I’m a big Nick Hornby fan and have been since reading High Fidelity, but I haven’t read through all of his books. This is mostly because I’m cheap, but last year I came across all the books of his I was missing between a closing Borders and a used book store in New Hampshire. While reorganizing our storage unit the other day I found one of the three containers filled with unread books I had in there and decided to give About A Boy a read. The quickness with which I made it through Hornby’s sophomore effort spurred me on to come up with this summer’s Ambitious Reading List.
I actually had no idea what the book was about. I’d never seen the 2002 Hugh Grant film and picked up the book based solely on Hornby’s name (just like I did with A Long Way Down and Slam), but it turns out that a man named Will — who has lots of money thanks to his dad being a one hit wonder still bringing in money long after his dead — trying to pick up women in a single mother’s support group. Will winds up meeting an unusual 12 year old boy named Marcus when his mom Fiona tries to kill herself and Will happens to be out with Marcus and Fiona’s friend (and will’s target) Suzie. After the event, Marcus keeps his relationship up with Will because he likes how Will has life figured out.
Actually, that’s who the book is about, it’s not really WHAT the book is about. The book is about how we all deal with emotions, truth and the world and how pretty much no one seems to get it right. Will is super rich and therefor has no real problems in his life. He also comes from a family that sounds like it wasn’t loving, so he avoids emotions at all costs, until he’s thrown into Marcus’ life. Fiona on the other hand is the kind of free spirit hippy who makes it seem like she’s teaching her son to follow in her own ways, but without explaining to him how the world might respond to that (by throwing candy at it and stealing its shoes). Marcus is the result of someone with really good intentions who also happens to be incredibly unstable being out in the world and not wanting to bring his problems back to his potentially still suicidal mother. Will’s there to teach Marcus how to fit in and be more normal while Marcus is there to show Will what emotions can do to reality. This opens Will up to finally get in a real, legitimate romantic relationship with a woman named Rachel who has a son with his own set of problems.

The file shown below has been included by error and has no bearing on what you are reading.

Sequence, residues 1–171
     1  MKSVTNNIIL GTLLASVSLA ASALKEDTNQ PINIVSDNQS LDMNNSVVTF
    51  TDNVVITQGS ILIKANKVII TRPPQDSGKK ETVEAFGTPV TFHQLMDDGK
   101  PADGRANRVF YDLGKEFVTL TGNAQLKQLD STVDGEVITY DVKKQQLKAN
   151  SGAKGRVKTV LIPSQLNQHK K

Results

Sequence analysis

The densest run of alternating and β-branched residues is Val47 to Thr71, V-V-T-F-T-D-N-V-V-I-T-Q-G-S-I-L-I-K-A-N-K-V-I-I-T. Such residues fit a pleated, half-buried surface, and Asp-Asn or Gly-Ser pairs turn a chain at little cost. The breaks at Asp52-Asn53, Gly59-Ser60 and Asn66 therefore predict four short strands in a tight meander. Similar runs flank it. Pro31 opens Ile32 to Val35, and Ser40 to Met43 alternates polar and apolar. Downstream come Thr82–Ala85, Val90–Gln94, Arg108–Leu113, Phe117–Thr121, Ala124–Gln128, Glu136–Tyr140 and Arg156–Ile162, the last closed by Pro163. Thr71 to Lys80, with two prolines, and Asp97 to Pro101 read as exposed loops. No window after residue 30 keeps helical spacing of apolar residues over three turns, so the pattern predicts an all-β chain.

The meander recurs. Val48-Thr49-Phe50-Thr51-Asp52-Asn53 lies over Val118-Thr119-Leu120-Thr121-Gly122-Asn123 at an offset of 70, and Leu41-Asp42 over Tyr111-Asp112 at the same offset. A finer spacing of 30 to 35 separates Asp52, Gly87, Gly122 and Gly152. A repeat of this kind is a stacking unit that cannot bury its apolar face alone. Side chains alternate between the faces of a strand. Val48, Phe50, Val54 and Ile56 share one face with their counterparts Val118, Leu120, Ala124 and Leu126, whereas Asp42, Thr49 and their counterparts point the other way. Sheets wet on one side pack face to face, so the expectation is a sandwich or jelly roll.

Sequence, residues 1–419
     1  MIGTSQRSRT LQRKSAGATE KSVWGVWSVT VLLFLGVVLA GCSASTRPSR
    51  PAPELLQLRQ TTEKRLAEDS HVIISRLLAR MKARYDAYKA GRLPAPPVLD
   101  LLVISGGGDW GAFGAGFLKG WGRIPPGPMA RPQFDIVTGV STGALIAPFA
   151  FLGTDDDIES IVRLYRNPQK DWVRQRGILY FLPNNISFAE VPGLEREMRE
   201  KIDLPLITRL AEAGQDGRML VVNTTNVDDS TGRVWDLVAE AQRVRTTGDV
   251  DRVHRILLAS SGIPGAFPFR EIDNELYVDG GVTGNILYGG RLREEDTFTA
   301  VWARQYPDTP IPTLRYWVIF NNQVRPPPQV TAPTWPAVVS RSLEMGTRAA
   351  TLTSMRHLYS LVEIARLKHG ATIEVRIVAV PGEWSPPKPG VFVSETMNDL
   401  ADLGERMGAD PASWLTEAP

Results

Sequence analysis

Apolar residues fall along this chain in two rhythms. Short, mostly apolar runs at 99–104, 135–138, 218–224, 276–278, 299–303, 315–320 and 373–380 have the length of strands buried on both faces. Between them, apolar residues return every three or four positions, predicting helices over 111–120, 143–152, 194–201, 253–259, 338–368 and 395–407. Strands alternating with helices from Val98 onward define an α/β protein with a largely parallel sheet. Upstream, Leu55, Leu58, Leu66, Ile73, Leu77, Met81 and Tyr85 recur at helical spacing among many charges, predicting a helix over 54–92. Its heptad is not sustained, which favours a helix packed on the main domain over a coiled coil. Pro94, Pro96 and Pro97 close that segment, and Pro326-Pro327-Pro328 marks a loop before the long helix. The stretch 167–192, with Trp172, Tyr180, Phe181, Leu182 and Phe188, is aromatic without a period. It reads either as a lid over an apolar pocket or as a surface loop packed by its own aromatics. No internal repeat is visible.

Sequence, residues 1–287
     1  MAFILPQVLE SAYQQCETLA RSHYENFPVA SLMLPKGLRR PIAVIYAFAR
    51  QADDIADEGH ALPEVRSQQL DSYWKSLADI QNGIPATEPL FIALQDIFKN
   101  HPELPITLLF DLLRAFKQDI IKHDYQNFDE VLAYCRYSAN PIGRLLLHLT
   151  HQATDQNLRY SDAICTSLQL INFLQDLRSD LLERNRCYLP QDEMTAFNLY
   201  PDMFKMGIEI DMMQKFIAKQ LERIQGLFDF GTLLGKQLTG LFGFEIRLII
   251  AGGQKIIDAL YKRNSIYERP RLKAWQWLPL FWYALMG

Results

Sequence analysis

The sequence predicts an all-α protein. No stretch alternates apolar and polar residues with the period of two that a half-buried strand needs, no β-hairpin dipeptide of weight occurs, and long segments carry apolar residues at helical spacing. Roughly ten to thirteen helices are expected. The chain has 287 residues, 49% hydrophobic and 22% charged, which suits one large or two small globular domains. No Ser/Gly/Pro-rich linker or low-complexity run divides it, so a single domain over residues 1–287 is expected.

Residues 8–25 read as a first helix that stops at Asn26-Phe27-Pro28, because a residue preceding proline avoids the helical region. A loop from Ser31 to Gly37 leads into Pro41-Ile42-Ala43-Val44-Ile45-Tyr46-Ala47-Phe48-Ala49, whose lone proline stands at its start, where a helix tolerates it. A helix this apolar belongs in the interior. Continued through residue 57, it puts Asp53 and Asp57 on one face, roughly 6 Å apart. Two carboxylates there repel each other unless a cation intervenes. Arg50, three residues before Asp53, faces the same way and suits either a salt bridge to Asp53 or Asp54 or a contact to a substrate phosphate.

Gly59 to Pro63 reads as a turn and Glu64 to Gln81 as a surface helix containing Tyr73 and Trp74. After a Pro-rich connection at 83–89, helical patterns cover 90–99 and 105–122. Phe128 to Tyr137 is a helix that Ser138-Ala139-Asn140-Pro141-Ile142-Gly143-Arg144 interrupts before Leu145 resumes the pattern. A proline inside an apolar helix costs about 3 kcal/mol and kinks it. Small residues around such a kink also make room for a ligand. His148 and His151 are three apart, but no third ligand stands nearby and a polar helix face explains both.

That all sounds really heavy and potentially difficult to get through, but it really isn’t. I read this book in a handful of sittings which is impressive for me, but that’s really because Hornby writes in a way that really absorbs me. He absolutely nails that interesting time in a kid’s life where they realize that the world of adults works differently than their own and they try to figure it all out. I realized part way through the book that Marcus is roughly my age. When I realized that, it made the reading experience all the more interesting and also reminded me of another favorite coming of age story The Perks Of Being A Wallflower. The way Hornby calls back to childhood is just amazing, but he also seems to perfectly capture the almost-40 playboy Will in ways that I can partially relate to and will probably be able to relate to even more when I’m a few years older.
And that’s what I really love about Hornby’s books: you get different things from them when you read them at different stages of your life. High Fidelity meant something completely different to me when I read it in high school than it did the last time I did. I think I also got more out of this book now that I’m a dad than I would have if I read it right after picking up Fidelity. I had kind of forgotten what Slam was about, but after going back and re-reading my review of it, I’m sure it would play completely differently now that I’m a dad myself.
One more thing I wanted to talk about in reference to Hornby and his books. First off, there’s a direct reference to Fidelity in Boy when Will finds himself looking around Championship Vinyl. I dug that. But more than just directly referencing his other book, you can see the seeds of his other books in this one (and parts of Fidelity recurring in this one as well). The whole idea of an unusual kid growing up was also the subject of Slam as a boy who talks to his Tony Hawk poster accidentally knocks a girl up. There’s also talk of suicide and even doing it on a holiday which is the starting point for A Long Way Down, which is literally about a group of people who meat on the same building they intend to jump off of. I bet there’s also bits and pieces of How To Be Good and Juliet, Naked in here too, but I haven’t read them just yet. Maybe when I’m done with this year’s Ambitious Summer Reading List.
With the first of 12 books down, I decided to move from fiction to autobiography and read George Hamilton’s book Don’t Mind If I Do which was co-written by WIlliam Stadiem who also helped George Jacobs write his excellent book Mr. S. I started it yesterday and even though I don’t know much about Hamilton, I do find his old Hollywood swagger very engaging and think that this will be a very entertaining book about Hollywood in the same vein as Mr. S. The only downside? All this reading is getting in the way of blogging, so sorry about that.